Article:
Almost two years ago, Brew and I worked with a woman named Gerry and her husband. It had been Gerry’s lifelong dream to hike the Appalachian Trail and now in her mid-60’s she was ready to turn that dream into a reality. Her husband was planning to support his hike on her endeavor, similar to how Brew supported me on the A.T. Record, but at a much slower pace.

We met with them to discuss the logistics, planning and emotional toll of a supported hike. They also attended Warren Doyle’s Appalachian Trail Institute to further increase their knowledge and expertise. Gerry was as prepared as anyone could have been to hike the trail.

All spring I followed Gerry’s updates as she made progress on the trail. She was going through the same highs and lows of most thru-hikers, and she seemed to be truly embracing the trail experience. The main thing that stood out to me in her entries, however, was how the experience strengthened and deepened the partnership with her husband – even after 42 years of marriage.

Almost two weeks ago, the unthinkable happened. Gerry went missing. She did not show up at the road crossing where her husband was waiting for her, and after 10 days of exhaustive searching she still has not been found. I do not know what happened to Gerry. I am aware that the stretch of trail where she disappeared is one of the most remote and unrelenting stretches on the A.T. I not only missed a meet-up with Brew in that region in 2008, but in 2011 I experienced a very hair-raising ford across the Carrabassett River.

Over the past few days, I have felt hopeful and hopeless, often sad, and sometimes guilty for encouraging Gerry to pursue her dream. But most of all I just think about her husband. I know what it is like to have the one you love support your dreams. And I know what I felt when there were harrowing moments that made me second guess my decisions and my adventure.

I wish I knew what happened to Gerry and I trust that time will reveal the answers. I can only speculate what went through her head right before she went missing. But having shared a similar adventure, I know what would pass through my mind in those moments.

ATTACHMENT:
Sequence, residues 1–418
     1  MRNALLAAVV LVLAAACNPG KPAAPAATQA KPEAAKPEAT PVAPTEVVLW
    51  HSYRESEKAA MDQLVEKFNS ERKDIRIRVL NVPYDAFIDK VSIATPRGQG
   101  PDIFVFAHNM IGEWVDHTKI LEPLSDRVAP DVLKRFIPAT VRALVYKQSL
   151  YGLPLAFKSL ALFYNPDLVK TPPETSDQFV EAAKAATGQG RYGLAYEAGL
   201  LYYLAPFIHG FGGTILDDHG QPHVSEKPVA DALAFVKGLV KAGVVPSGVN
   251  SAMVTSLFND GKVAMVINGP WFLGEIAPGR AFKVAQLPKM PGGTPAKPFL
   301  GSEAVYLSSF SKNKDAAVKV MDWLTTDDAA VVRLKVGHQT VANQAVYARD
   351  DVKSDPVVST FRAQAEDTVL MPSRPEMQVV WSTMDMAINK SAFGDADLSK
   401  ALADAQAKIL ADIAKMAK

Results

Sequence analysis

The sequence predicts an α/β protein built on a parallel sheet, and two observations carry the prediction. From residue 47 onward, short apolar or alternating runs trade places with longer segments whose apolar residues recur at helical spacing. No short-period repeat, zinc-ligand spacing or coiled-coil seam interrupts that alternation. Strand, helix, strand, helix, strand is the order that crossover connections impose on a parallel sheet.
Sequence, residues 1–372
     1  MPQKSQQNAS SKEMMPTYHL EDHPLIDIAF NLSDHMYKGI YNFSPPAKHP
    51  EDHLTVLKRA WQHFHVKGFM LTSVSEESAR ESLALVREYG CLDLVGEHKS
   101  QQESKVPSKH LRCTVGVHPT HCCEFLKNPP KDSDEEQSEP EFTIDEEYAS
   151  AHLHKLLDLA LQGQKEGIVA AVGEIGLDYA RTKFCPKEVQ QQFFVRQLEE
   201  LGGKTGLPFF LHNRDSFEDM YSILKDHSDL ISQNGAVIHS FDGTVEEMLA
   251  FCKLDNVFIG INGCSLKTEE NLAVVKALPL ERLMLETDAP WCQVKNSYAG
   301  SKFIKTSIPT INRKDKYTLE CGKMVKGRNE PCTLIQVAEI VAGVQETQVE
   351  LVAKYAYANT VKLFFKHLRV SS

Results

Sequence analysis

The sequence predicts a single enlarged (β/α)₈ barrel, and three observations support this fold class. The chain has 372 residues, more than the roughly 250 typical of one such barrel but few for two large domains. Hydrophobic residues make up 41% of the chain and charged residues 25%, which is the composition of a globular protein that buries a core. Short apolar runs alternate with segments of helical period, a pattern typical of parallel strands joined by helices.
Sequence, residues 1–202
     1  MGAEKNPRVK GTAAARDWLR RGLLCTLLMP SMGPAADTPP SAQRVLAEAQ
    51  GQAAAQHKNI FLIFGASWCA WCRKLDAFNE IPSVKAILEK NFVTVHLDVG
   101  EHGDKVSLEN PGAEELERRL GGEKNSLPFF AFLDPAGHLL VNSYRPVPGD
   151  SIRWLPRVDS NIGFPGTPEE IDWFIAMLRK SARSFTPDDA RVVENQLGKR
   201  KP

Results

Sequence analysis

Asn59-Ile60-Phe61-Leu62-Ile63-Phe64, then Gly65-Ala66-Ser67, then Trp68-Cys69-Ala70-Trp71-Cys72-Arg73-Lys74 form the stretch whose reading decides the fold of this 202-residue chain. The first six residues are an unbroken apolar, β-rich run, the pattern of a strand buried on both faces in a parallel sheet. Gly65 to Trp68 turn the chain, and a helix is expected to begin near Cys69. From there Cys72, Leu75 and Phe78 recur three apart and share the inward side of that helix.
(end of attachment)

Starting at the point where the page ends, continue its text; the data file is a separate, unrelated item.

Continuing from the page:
- I would think about Brew. I would want him to know how much I loved him and also that our love was my biggest, best, and most beautiful adventure.

- I would want to apologize for any pain and hurt that I caused my husband. I would hope that he doesn’t think that it was selfish of me to take a risk and have an adventure. And if he does, I would ask for his forgiveness.

- I would want him to know that I never loved him more or felt more connected to him, than when he actively supported my dream. And I would thank him, thank him for letting me follow my heart.

- I would not want my disappearance to taint anyone, especially Brew’s, opinion of the wilderness. If I had to pick a place to lose myself – this would be it.

- And finally, I would want Brew to know that now it is his turn to forge ahead, follow his heart, and reach for his dreams. It is time for him to finish what we started, perhaps not on the trail, but in life. The separation is only temporary. It is only a small stretch that he will have to hike on his own. I promise to be his unseen support. And you better believe, I will be there waiting for him at the next road crossing.